One of the most spectacular meteor showers of the year will reach its peak on the nights of August 11-12 and 12-13. This year’s Perseids will be exceptionally brilliant because the moon will be only a small crescent and will set early. You can best see the Perseid meteor shower after 12:00 AM local time.
The Perseids are interesting because they frequently feature a brilliant fireball which can actually cast a shadow or a bolide which is a meteor that explodes. The Perseid meteor shower gets its name from the fact that the meteors appear to come from the direction of the constellation Perseus which will be in the northeast for those of us looking up from the United States. However, you will see them streaking in any area of the sky.
The Perseid meteor shower is debris from the Comet Swift-Tuttle which was discovered in 1862 and returned most recently in November of 1992. These meteors are small particles usually no larger than a pea and as small as a grain of sand. They become visible at an altitude of 55 miles (88 k) where they enter the atmosphere with an average velocity of about 133,200 miles (214,365 km) per hour. Perseid meteors usually burn up by the time they reach an altitude of 50 miles (80 km) and never contact the surface of the earth. If they did, they would be called meteorites.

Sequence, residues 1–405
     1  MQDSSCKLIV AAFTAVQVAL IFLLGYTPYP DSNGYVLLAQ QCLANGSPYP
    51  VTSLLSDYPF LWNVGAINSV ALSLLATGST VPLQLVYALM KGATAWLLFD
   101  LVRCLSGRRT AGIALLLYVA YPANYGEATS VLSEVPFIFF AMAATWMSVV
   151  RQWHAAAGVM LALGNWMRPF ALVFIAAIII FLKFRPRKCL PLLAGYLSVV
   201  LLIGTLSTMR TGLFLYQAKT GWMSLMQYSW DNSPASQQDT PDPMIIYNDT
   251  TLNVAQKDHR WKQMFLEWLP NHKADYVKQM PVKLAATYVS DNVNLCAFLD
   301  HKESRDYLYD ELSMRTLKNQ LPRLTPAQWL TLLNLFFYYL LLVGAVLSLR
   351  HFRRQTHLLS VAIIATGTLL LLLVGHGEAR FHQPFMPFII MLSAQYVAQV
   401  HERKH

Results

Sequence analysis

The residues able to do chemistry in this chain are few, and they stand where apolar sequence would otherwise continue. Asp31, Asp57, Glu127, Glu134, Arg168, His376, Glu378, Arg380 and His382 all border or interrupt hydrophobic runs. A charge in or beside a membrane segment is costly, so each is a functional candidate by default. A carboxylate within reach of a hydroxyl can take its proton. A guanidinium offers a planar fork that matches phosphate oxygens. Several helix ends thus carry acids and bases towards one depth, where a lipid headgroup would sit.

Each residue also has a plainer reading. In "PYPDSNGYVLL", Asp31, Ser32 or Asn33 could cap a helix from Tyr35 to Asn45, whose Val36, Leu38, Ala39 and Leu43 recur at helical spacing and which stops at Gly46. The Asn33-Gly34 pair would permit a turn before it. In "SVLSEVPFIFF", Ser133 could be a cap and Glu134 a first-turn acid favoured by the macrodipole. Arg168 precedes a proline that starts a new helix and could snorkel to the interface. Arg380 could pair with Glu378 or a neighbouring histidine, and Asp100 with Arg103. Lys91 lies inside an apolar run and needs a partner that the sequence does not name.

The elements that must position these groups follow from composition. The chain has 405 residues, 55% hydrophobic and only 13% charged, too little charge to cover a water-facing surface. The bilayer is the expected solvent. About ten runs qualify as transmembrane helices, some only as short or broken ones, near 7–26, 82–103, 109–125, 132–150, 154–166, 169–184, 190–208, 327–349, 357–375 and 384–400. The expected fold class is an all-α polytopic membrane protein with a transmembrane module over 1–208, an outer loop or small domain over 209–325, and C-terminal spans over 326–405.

So, if you can, find a place away from city lights after midnight. Lean back in a lounge chair where you can see the expanse of the sky. The best viewing is with your unaided eyes. Binoculars or a telescope will not allow you to view the whole sky. Then just enjoy the beauty of God’s creation. We will have more on the Perseid meteor shower in our post tomorrow.
–John N. Clayton and Roland Earnst © 2018